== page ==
Or am I over thinking this and making an issue out of nothing?

That's your call. Of course, you realize that, except for RAWs and those who have filled out voluntary registration forms, long guns are not registered in California at all. So, your OLL rifle isn't registered. Also, you can always do a voluntay registration form and put "none" as the SN. There are millions of long guns in the country without SNs. They were made and sold that way until 1968. BTW, there are also many Ca legal homebuilt handguns without any registration or markings on them. In the end, it comes down to what you feel comfortable with.

Jeepeater
10-31-2010, 1:20 PM
I thought that all firearm purchases were registered. Long guns aren't registered? I'm not in a database somewhere as owning XY and Z pistols, rifles, OLLs and shotguns?? :confused:

I've learned something new today.

Capt_Communist
10-31-2010, 1:34 PM
Technically they aren't registered....

When you DROS a long gun you are only doing a background check witht he state of California.

They can however track down who ownes the firearm with relative ease... If they get a hold of a serial number (however it gets done) they can call the manufacturer, who will tell them who it was sent to, who will provide copies of the 4473 which lists your name and make/model of the gun

CSACANNONEER
10-31-2010, 1:53 PM
I thought that all firearm purchases were registered. Long guns aren't registered? I'm not in a database somewhere as owning XY and Z pistols, rifles, OLLs and shotguns?? :confused:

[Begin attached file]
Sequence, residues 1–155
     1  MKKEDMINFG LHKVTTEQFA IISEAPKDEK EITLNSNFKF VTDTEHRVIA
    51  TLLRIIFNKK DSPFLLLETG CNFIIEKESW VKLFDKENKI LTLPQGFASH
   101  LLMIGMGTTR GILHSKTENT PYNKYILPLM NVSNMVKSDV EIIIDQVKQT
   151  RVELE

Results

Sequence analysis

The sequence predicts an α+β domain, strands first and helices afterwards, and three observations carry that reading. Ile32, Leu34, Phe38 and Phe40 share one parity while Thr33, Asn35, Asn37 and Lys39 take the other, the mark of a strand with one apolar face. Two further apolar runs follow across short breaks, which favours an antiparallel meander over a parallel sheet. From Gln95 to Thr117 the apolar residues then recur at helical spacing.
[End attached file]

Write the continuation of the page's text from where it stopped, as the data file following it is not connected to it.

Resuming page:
I've learned something new today.

Long guns are DROSed and all that California knows is that you purchased a "long gun", nothing more than that. If you purchase a firearm from any FFL in the United States, you will fill out a 4473 which stays at that FFL for a certain amount of time.

Technically they aren't registered....

When you DROS a long gun you are only doing a background check witht he state of California.

They can however track down who ownes the firearm with relative ease... If they get a hold of a serial number (however it gets done) they can call the manufacturer, who will tell them who it was sent to, who will provide copies of the 4473 which lists your name and make/model of the gun

They can only track certain guns so far. It's really hard for them to track used guns since, they have to track down the original FFL, the original owner, the next person or FFL the gun was sold to and so on. Many times, the trail goes cold after a death or a FFL who has either closed or their records were destroyed by a natural disaster (think Katrina!). Good FFLs only allow LEOs to look through their books during audits. Otherwise, they only provide LEOs the paperwork that is listed on the warant. I've heard of LEOs taking weeks traveling back and forth across the county to track one firearm. Only to find out that it was sold FTF at a garage sale, through a newspaper add, etc. It's not always "relatively easy".